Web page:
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If you go
What: “Wyeth: An American Legacy, Treasures from the Farnsworth Museum”
When: Saturday through May 2
Where: Fort Wayne Museum of Art, 311 E. Main St.
Admission: $5 adults, $3 students (kindergarten through college), $10 for families, free for members; admission is free every Sunday and Thursday
Hours: 11 a.m. to 6 p.m. Tuesday, Wednesday, Friday and Saturday; 11 a.m. to 8 p.m. Thursday; noon to 5 p.m. Sunday
Opening weekend festivities: On Saturday, the museum will open at 11 a.m. with entertainment all day, an 11 a.m. ribbon cutting and a 2 p.m. tour by Charles Shepard. An evening nightclub-style celebration begins at 8 p.m. with food, a cash bar, music, performance artist Paul Notzold, light and sound installation artist John McCormick and complementary hand massages.
March 27: Family Day with free activities starting at noon
Photos by Laura J. Gardner | The Journal Gazette
Charles Shepard III, executive director of the Fort Wayne Museum of Art, compares his job to that of an author or cinematographer, but he crafts narratives out of groupings of art.

Progress on exhibit

Renovated art museum bigger, better, more interactive

Among the museum’s new features are an outdoor sculpture garden, a lecture hall, a children’s room and a 10,000-square-foot auditorium.
Museum librarian Anne Hall places books on shelves. The library has grown from 6,000 volumes to 12,000 and is now a lending library.
Oaxacan woodcarvings are among works available in the expanded museum store.
Brian Williamson, the museum’s technical director, hangs a painting by Indiana artist Homer G. Davisson in the American Art Initiative Gallery.
The addition houses three galleries devoted to the museum’s permanent collection.
Photos by Laura J. Gardner | The Journal Gazette
The Fort Wayne Museum of Art will reopen Saturday after a $5.5 million expansion and modernization that began last July. The number of galleries has grown from three to 12.

Charles Shepard III figures there are now 12 gallery spaces in the Fort Wayne Museum of Art where before there were only three.

The museum’s executive director admits there are days, however, when he counts his way up to a higher figure than 12.

He can hardly be blamed for trying to envision all the possibilities. Asked whether there will ever be 12 exhibits running simultaneously at the museum, Shepard replied, “I think that would rock.”

“It would be like having 12 chapters going at the same time,” he said. “Ooooh, I can smell that on the burner.”

Shepard uses a lot of literary metaphors to describe the $5.5 million expansion and modernization of the museum that started in July and will end Saturday with a triumphant reopening.

“Wyeth: An American Legacy, Treasures from the Farnsworth Museum” – an exhibition of works from painters Andrew and Jamie Wyeth and illustrator N.C. Wyeth – will be the show that inaugurates the invigorated museum.

Shepard’s literary metaphors speak volumes about his desire to use the revamped museum to tell more and better stories. He said being a museum director and a curator means more to him than hanging paintings on the wall.

Shepard sees his job as more akin to that of an author or cinematographer. But instead of using words or celluloid to make novels or movies, Shepard crafts narratives out of groupings of art.

“It makes the curatorial job a hell of a lot harder,” he said. “But it’s a lot more exciting, too.”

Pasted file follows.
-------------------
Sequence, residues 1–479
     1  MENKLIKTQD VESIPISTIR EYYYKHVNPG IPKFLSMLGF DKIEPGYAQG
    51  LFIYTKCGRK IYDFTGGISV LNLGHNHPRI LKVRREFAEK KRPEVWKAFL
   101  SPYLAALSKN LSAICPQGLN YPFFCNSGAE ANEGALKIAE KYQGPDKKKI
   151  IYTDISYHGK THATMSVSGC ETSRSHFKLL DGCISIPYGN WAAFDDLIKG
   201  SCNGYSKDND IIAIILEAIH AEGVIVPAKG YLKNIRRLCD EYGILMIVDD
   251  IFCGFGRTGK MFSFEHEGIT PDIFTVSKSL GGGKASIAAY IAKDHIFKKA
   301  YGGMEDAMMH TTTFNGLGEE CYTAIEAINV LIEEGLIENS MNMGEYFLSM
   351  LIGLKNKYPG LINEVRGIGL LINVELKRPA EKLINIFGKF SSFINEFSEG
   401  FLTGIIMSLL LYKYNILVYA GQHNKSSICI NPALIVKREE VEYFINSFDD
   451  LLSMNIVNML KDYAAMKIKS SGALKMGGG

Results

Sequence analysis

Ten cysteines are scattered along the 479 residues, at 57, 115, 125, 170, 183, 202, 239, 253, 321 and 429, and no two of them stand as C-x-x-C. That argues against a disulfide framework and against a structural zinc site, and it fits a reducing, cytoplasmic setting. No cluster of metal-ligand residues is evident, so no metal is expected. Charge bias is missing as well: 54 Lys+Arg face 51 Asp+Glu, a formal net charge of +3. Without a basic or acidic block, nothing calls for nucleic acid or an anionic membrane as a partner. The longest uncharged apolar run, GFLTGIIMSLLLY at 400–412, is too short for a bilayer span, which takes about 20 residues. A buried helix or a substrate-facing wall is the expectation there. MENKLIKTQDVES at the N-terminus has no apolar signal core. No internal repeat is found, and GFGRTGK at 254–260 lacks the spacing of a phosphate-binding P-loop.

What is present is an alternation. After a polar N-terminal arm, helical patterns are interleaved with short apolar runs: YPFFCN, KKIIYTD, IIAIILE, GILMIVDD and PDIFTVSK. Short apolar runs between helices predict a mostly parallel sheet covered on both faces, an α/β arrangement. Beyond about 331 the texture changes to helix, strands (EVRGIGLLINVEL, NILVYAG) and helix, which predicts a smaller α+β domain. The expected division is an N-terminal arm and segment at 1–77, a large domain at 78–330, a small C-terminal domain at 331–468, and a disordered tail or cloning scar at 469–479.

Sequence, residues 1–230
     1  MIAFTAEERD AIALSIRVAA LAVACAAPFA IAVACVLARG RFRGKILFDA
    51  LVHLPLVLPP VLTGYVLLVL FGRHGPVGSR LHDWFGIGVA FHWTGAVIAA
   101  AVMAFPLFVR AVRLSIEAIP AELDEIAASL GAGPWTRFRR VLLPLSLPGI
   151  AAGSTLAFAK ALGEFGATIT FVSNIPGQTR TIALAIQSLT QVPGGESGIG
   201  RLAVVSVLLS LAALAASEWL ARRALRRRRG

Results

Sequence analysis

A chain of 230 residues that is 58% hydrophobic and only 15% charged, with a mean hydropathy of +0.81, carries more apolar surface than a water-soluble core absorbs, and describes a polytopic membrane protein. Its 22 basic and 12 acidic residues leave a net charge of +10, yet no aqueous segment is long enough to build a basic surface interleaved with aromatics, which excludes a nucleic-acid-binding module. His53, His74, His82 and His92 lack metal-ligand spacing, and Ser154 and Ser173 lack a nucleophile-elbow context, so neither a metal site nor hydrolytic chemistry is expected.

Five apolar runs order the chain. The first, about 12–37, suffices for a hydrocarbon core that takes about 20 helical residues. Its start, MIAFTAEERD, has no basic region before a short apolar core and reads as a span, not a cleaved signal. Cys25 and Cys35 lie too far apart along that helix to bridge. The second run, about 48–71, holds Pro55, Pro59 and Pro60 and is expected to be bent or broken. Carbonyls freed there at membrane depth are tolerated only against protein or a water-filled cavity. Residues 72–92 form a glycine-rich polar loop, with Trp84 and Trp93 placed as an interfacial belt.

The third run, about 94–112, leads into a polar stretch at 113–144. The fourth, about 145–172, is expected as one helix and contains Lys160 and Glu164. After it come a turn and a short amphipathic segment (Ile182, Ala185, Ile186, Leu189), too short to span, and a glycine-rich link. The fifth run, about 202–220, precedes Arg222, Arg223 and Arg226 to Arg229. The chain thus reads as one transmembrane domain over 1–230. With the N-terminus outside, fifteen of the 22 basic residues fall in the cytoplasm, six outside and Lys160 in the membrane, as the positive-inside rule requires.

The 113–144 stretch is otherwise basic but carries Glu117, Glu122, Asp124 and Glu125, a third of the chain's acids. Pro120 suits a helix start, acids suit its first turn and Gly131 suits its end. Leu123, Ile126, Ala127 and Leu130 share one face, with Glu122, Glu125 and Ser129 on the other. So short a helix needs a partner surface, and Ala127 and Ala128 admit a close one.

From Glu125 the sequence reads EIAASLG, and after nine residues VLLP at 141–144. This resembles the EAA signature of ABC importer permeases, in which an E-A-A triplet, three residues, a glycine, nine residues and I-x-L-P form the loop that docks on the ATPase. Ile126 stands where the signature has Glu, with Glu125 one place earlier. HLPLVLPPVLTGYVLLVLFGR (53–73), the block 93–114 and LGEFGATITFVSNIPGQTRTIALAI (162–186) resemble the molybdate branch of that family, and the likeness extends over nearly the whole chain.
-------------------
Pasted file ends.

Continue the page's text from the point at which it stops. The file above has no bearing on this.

The museum now has an expanded store (please don’t call it a gift shop) and a fully refurbished lobby with plush furniture and WiFi.

The auditorium has been moved into a 10,000-square-foot addition, and the hall’s walls have been constructed in such a way that the auditorium can double as a gallery.

The hallways leading to and surrounding the new auditorium are devoted to a gallery with a regional theme.

The addition also houses three galleries devoted to the museum’s permanent collection, which has never had a lasting exhibition space of its own.

Going through the collection for items to display in the new galleries, Shepard was stunned to discover exciting works by Milt Resnick and Thomas Hart Benton. Shepard said the Benton, one of the few abstract works the man painted, is “just killer.”

Other new features of the museum include a children’s room with “imagination stations” and eye-filling artworks by painter Terry Ratliff and sculptor Sayaka Ganz.

“I wanted something goofy, quirky and fun, and so Terry immediately came to mind,” Shepard said. “Who else would bring it in still wet?”

Ganz’s sculpture of a jungle cat is made up of kitchen implements and coat hangers.

The library has been expanded from 6,000 volumes to 12,000, and it is now a lending library rather than just a research library.

“The library now has tons of educational resources for K-through-12 art teachers,” Shepard said.

The crown jewel of the museum’s various crown jewels is an innovative new study center devoted to the museum’s vast collection of prints, drawings and other paper works.

Visitors who make appointments to examine these works will be allowed to hold them in their hands.

“Nobody else is doing that,” Shepard said.

Additional bells and whistles include an outdoor sculpture garden, a lecture hall that overlooks the lobby and an acquisition plan that will allow the museum to buy about $60,000 worth of new work every year.

Shepard has some big plans that will probably involve hiring freelance curators around the country to create exhibits that will be launched in Fort Wayne and then go on tour elsewhere.

“I want to build our reputation as a hot shop,” he said.

As ever, Shepard is one of Fort Wayne’s most interesting and essential transplants: a silver-tongued sprite, a font of indefatigable enthusiasm, a whirling dervish with Zen self-assurance and a force to be reckoned with.

“Where else would a lunatic like me get to do this stuff but here?” he asked. “They are so sweet to me.”